Forensic Psychology

Defining Crime

Crime is a social construct relative to the morals and norms of a current society. There are several problems in defining crime:

  • Age: age of criminal responsibility varies across time and culture
  • Culture: social norms of crime vary
  • Historical context: even within a ulture, law is being constantly updated
  • Circumstance: for a crime to be persecuted a person must be shown to have commited the act and also intended for it to be commited
1 of 12

Measuring Crime

Official Statistics:

Data is gathered from several sources by the Office of National Statistics on the amount of crime commited in england and wales. Published every year headlining amount and types of crime commited 

Police recording of crime:

Data is taken from police computer systems that log reports of crime and therefore measures amaount of crime commited, stats given to office of national statistics

Victim surveys

The Crime Survey for england and wales conducts annual face to face surveys with 40,000 people about criminal experince (provides data on 'dark figure of crime'.

Offender Surveys

Annual survey of 5000 people on commitance of crime (high reponse rate but varied reliability)

2 of 12

Offender Profiling: top-down

  • Profiling inputs- the crime scene (photos, drawings), info about victim (employment, hobby, relationships) and the crime (weapon, cause of death, autopsy report). To avoid bias no suspects are considered at this stage.
  • Decision-making model- profile organises data into meaningful patterns (murder type: mass, spree or serial; time factors: time taken, time of day; and location)
  • Crime assessment- organised and disorganised crime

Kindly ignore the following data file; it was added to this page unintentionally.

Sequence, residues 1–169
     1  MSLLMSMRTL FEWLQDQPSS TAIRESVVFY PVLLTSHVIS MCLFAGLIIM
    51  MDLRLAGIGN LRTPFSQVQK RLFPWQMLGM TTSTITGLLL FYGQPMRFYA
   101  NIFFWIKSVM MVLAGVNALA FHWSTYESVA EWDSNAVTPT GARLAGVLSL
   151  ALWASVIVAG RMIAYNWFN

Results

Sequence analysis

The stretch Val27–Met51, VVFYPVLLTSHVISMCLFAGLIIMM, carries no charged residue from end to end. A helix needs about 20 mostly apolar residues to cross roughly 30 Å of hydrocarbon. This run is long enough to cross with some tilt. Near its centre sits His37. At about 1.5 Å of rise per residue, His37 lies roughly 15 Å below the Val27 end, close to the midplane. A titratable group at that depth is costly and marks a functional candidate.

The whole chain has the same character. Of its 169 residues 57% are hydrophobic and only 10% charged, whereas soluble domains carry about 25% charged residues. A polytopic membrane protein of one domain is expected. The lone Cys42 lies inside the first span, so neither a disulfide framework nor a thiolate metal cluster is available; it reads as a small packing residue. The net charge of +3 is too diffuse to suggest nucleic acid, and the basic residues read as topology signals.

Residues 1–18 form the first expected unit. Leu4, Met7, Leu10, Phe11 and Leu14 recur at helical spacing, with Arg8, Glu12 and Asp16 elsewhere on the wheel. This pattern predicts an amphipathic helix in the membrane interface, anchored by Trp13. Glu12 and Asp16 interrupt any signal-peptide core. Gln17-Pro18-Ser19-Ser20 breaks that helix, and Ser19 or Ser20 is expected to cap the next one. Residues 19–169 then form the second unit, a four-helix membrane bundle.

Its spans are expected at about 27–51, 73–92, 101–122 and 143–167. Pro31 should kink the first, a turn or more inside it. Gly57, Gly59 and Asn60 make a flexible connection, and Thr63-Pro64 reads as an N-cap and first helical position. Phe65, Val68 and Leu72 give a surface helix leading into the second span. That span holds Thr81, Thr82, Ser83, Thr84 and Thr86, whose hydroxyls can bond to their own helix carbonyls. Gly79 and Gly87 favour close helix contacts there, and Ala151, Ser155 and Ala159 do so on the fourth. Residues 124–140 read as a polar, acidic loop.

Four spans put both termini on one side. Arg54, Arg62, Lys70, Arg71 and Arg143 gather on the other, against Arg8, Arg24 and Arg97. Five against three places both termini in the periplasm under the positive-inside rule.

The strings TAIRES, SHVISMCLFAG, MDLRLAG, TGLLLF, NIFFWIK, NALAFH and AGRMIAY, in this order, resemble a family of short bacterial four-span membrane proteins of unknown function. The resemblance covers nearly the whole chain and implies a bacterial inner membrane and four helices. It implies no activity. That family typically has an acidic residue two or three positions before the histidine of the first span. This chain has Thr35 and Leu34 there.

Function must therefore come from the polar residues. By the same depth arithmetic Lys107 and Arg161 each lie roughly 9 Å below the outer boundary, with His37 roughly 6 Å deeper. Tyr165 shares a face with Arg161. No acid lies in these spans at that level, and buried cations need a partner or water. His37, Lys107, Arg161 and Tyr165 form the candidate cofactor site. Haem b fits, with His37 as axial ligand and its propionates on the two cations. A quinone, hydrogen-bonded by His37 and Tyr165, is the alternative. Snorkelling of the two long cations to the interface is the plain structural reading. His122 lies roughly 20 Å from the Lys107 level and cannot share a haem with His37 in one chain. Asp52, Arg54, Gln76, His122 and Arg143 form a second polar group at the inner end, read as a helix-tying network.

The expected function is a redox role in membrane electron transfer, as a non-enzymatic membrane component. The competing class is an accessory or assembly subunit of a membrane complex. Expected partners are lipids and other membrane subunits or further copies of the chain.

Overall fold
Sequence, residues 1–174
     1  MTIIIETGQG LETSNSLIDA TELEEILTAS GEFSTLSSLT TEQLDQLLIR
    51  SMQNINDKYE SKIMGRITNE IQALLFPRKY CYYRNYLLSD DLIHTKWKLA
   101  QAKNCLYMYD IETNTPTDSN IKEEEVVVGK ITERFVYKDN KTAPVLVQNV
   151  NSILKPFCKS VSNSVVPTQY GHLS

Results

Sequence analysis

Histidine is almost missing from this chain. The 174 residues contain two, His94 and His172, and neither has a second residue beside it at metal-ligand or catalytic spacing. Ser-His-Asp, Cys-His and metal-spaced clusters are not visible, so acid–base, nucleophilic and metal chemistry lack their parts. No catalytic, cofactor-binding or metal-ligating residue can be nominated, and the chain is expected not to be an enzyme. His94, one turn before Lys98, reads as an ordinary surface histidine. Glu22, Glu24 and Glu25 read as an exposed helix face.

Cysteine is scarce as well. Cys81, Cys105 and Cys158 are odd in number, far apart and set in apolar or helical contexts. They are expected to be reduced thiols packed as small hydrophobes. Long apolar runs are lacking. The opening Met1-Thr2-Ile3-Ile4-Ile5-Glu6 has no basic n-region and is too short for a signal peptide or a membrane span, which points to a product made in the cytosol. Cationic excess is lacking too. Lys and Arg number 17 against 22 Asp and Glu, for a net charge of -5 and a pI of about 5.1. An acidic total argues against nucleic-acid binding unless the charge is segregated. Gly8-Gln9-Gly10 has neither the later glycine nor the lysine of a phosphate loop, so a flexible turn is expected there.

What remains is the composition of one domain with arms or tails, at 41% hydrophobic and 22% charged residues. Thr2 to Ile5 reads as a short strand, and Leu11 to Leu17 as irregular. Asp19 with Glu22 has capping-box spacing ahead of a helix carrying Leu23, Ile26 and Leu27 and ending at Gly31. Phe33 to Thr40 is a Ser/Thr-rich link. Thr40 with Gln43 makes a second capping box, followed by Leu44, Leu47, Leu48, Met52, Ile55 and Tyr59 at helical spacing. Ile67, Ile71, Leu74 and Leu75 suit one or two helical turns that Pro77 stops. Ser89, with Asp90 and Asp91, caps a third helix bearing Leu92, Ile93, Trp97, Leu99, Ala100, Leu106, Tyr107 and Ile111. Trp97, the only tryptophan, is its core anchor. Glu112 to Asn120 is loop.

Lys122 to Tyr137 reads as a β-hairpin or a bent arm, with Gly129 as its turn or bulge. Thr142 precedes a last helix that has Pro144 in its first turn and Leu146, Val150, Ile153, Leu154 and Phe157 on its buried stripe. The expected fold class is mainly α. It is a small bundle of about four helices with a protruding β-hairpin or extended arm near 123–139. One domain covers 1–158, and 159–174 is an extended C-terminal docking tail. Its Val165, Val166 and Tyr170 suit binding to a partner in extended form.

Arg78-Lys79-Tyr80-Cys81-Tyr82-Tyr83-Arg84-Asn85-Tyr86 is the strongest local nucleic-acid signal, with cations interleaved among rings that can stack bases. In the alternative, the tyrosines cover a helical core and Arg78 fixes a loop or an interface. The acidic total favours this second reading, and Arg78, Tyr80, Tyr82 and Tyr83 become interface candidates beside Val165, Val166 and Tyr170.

• Criminal profile- profiler hypothesises about offenders background
  • Crime assessment- police are given written report and persons matching profile are evaluated
  • Apprehension- if a suspect is apprehended, entire profile is reviewed
3 of 12

Top Down research

+ Shawcross: murder 2x children sentenced to 25 years and released after 15. 1 year later he killed 11 prostitutes. McCray (FBI) made an accurate profile which lead to arrest as he theorised Shawcross would return to teh body.

- Snook: "effective as a psychic"- Barnum effect suggests that due to high ambiguity of profilers suggestions they could fit almost any situation. Could lead to misleading information in court.

- Jackson: suggests that smart offenders can read about how profiles are constructed and deliberately  mislead profilers by providing misleading clues. Question of whether profiling methods should be released to public.

4 of 12

Oragnised and Disorganised Typologies

Orgaised:

  • orderly life (attacks after a critical event)
  • planning and control evident in crime 
  • average or high intelligence 
  • socially competent 
  • probably eldest child in family

Disorganised :

  • crime of passion 
  • no evidence of pre-planning 
  • below average intelligence 
  • not socially competent 
  • poor employment history 
  • low birth order
5 of 12

Offender Profiling: bottom-up

Makes no assumptions about crikminal until data from the crime scene has been taken from a data base of past crimes.

Investigative psychology:

  • Forensic awareness (no evidence left =maybe criminal record)
  • Time and Place: lifestyle of criminal
  • criminal career
  • interpersonal coherance: behaviour in crime same as behaviour IRL
  • criminal charcteristics: categorising offedners 

Geographical Profiling:

Developed by Canter, analyses time and place the crime was commited in (geographical pattern of crime). Commuter (travels to crime scene) or marauder (commited on own territory)- circle theory. 

Criminal Geographical Targeting (CGT): a computerised system based on Rossmo's formula presenting a 3D map of spatial data relating to time, distance and movement to and from crime scenes. This 'jeopardy surface' uses different colours to indicate likely closeness of offenders residence to crime scene.

6 of 12

Bottom-up research

Canter led a profile on John Duffy that eventually led to his arrest. He used theories of: Interpersonal coherence ( from canters assumption that Duffy would keep to him self due to him using minimal dominance in his attacks as he attacked weak victims).

He could also have determined where he lived and worked by Duffy's knowledge of trains (career) and the occupation of the rapes/murders (around his home area - marauder) Canter gave a total of 17 characteristics he determined through profiling and 12 were correct in the end. 

7 of 12

Atavistic (historical) explanation.